Venter's HLI plans to ramp up sequencing capacity as more pharma deals near fruition

Yaron Turpaz--Courtesy of Human Longevity

J. Craig Venter's Human Longevity, Inc., is working toward new deals with biopharma companies. And the completion of the agreements could lead to a ramping up of HLI's already massive sequencing capacity.

When HLI set up shop in March 2014, it bought two of Illumina's ($ILMN) $1,000-genome-enabling HiSeq X Ten systems on day one and secured an option to acquire three more in the future. Now, Yaron Turpaz, the CIO Venter poached from AstraZeneca ($AZN), has told Bio-IT World HLI is nearing the day on which it needs to add capacity. The company's sequencing operation is already slightly bigger than the one outlined in March 2014--24 HiSeq X machines are running alongside two Pacific Biosciences ($PACB) units--but more technology will be needed if HLI grows as planned.

"The projection is that we'll expand our sequencing capacity based on the demands as we sign on more significant contracts. We landed an agreement with Genentech and we're in discussion with other pharma. As we land more contracts with requirements for more [sequencing] machines, we'll increase the throughput," Turpaz said. Venter talked up the expansion at the Advances in Genome Biology & Technology (AGBT) meeting back in March, according to Wells Fargo Analyst Tim Evans. At the time, Venter reportedly said HLI was planning to buy four more HiSeq X Ten systems.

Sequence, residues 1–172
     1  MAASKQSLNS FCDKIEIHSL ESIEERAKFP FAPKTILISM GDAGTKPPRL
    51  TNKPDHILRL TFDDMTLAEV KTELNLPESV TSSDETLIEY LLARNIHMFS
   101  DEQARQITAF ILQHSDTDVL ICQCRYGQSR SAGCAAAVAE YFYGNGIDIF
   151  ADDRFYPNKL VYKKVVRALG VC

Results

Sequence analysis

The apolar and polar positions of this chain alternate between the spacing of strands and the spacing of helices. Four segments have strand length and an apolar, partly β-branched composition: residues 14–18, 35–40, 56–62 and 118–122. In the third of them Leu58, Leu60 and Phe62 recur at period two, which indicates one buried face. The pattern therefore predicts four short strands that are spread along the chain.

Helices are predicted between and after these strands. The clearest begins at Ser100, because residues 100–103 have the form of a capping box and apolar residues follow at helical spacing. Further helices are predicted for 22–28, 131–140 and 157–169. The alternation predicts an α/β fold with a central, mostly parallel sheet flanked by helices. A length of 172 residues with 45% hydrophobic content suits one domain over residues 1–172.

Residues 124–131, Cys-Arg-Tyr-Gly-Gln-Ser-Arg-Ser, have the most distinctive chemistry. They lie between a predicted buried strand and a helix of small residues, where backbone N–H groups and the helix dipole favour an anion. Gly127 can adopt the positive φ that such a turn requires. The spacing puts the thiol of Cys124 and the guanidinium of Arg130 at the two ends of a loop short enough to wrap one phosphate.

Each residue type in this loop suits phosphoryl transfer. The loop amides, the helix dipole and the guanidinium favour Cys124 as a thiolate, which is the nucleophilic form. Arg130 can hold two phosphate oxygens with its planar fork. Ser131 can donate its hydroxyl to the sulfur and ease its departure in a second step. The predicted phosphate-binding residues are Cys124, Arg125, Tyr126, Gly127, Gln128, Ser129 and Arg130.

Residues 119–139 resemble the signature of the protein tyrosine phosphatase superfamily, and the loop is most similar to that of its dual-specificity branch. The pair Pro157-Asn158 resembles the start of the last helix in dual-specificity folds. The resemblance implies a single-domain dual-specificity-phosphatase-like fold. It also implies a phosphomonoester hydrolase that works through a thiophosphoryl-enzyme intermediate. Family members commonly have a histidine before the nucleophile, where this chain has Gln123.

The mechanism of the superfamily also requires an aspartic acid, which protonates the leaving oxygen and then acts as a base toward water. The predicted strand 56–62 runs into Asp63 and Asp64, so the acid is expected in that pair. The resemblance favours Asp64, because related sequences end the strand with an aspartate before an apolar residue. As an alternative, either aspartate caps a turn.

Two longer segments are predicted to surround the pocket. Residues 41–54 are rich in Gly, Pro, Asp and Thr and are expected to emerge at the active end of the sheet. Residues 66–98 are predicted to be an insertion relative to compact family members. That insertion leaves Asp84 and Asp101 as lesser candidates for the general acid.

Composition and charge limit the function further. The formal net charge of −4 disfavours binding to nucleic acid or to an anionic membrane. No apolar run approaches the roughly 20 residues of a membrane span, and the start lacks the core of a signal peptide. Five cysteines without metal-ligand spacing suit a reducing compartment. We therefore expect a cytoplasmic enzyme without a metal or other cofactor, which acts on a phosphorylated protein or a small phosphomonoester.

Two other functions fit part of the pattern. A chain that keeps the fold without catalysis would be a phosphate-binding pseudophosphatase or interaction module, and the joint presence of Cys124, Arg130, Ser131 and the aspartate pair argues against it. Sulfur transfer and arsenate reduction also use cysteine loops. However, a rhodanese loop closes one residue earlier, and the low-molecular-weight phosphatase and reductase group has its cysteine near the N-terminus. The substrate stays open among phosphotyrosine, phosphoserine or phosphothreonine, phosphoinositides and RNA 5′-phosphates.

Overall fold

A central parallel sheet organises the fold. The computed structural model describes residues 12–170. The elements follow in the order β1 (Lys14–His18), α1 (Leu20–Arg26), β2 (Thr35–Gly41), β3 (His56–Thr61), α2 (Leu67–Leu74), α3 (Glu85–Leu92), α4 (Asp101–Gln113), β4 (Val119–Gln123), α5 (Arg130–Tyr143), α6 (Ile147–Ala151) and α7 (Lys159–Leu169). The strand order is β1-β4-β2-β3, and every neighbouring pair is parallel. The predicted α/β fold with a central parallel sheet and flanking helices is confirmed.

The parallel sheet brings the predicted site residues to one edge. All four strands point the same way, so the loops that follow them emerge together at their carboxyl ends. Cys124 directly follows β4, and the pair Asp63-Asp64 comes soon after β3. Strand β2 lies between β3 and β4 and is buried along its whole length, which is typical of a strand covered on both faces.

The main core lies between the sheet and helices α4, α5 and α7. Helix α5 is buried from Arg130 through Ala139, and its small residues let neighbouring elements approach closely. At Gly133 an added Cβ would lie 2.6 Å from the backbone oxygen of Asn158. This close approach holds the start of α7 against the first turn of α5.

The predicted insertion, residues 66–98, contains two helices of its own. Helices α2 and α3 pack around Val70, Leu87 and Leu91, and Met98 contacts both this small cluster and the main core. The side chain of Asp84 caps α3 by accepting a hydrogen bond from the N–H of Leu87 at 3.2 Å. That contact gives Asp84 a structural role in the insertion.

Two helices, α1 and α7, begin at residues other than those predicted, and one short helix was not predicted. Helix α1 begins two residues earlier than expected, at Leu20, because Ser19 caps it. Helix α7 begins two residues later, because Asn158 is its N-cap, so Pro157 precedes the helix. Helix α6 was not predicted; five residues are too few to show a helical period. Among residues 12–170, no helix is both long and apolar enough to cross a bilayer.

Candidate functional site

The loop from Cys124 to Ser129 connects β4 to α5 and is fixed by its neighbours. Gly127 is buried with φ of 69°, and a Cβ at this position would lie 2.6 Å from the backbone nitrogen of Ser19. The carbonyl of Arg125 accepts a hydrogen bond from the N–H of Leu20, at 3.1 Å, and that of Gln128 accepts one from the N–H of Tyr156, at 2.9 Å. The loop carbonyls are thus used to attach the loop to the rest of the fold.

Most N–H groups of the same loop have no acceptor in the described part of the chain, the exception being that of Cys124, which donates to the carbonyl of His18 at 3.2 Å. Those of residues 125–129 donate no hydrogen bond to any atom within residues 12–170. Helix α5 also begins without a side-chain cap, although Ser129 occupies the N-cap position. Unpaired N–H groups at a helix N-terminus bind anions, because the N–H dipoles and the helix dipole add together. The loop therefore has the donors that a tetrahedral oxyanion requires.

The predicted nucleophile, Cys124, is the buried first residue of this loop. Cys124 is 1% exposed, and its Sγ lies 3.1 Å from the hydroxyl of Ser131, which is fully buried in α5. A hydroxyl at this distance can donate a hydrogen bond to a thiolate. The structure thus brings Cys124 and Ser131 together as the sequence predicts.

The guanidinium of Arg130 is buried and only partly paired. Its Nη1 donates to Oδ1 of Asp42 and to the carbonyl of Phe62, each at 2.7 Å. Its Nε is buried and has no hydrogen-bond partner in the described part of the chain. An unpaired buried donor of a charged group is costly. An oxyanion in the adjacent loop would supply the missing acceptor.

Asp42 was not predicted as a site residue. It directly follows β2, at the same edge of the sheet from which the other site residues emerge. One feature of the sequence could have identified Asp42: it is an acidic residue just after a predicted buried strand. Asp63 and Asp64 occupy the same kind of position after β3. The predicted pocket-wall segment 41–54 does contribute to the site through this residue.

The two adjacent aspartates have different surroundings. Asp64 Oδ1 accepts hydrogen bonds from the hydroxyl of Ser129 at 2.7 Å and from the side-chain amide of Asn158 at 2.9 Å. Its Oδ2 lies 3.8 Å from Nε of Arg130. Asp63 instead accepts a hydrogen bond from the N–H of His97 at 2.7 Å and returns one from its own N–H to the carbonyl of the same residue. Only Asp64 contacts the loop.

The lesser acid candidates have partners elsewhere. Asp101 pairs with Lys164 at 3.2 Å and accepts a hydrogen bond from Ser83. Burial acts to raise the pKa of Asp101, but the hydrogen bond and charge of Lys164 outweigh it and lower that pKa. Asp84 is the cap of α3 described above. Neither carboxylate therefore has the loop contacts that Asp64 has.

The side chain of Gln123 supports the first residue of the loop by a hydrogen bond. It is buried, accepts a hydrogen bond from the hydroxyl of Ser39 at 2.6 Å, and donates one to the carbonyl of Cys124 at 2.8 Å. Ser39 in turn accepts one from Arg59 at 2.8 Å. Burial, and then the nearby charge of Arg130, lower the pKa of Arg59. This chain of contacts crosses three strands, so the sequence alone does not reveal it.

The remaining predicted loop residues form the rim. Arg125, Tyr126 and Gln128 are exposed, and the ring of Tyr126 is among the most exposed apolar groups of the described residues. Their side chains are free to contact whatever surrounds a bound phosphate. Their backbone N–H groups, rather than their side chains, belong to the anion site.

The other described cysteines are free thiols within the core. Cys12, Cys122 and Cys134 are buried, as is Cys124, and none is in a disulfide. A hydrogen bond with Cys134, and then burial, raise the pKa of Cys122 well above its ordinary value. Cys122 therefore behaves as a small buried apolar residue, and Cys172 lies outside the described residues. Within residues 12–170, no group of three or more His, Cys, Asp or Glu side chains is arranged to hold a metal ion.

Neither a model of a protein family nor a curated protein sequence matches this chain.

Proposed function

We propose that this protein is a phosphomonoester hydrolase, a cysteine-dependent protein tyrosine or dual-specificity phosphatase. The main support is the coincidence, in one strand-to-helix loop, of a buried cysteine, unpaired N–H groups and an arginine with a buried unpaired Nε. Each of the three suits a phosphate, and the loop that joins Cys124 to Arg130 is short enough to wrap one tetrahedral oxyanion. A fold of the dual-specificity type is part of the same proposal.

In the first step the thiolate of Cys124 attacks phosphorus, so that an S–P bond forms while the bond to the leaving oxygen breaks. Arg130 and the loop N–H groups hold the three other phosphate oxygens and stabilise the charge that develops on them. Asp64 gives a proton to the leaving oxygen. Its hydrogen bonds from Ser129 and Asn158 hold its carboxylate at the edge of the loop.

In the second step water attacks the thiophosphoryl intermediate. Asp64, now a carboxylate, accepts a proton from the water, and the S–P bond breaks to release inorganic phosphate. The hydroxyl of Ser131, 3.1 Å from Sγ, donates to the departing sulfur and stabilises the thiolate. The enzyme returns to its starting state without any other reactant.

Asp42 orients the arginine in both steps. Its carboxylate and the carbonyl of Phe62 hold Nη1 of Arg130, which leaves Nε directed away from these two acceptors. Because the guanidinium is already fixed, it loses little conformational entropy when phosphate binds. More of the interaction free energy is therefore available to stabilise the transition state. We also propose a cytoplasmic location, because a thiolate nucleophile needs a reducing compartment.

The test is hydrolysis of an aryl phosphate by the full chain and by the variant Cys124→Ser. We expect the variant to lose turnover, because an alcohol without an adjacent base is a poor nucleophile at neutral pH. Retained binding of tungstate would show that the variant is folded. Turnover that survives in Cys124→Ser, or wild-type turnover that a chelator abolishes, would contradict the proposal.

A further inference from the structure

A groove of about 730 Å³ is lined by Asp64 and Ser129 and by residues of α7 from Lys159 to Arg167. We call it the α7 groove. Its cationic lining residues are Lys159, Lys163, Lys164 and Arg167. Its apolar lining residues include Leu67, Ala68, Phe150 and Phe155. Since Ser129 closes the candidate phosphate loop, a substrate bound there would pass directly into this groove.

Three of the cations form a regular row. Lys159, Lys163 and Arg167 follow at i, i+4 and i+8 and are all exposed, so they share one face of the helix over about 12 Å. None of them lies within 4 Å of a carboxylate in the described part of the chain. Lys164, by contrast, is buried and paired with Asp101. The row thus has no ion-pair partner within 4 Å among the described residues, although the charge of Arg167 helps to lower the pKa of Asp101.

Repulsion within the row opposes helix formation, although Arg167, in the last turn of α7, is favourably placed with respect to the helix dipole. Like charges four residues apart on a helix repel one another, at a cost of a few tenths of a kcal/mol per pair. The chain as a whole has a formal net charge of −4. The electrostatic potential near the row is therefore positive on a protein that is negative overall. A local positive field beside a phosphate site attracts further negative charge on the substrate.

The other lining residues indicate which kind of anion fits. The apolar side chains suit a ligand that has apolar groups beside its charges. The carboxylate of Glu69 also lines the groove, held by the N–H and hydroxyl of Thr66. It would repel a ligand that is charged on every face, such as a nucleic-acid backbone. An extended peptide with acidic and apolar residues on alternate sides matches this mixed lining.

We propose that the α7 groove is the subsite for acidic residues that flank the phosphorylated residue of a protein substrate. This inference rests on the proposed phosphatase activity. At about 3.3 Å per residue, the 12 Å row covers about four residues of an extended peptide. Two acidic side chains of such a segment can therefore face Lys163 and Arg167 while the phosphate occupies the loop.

HLI is already capable of sequencing nearly 40,000 whole genomes a year. As such, the addition of four more HiSeq X Ten systems would swell its throughput up to about 100,000 genomes a year, a figure that would move HLI closer to realizing its vision of having sequencing data on at least 1 million people by 2020. Ex-BGI CEO Jun Wang is also aiming to sequence the genomes of 1 million people in the belief that the figure is the minimum required to start to understand complex genetic traits. Both Venter and Wang are also aiming to gather a sea of complementary data.

"We will only sequence when there's high quality phenotypic and clinical data that comes with the samples," Turpaz said. HLI is talking to pharma about changing informed consent for clinical trials to make genome sequencing routine and has its own initiatives. "We are going to open this year our first HLI Health Nucleus in San Diego as an entry point for individuals to come in and go through a full whole-genome analysis, full body MRI and other detailed phenotypic data that we are going to collect," Turpaz said. 

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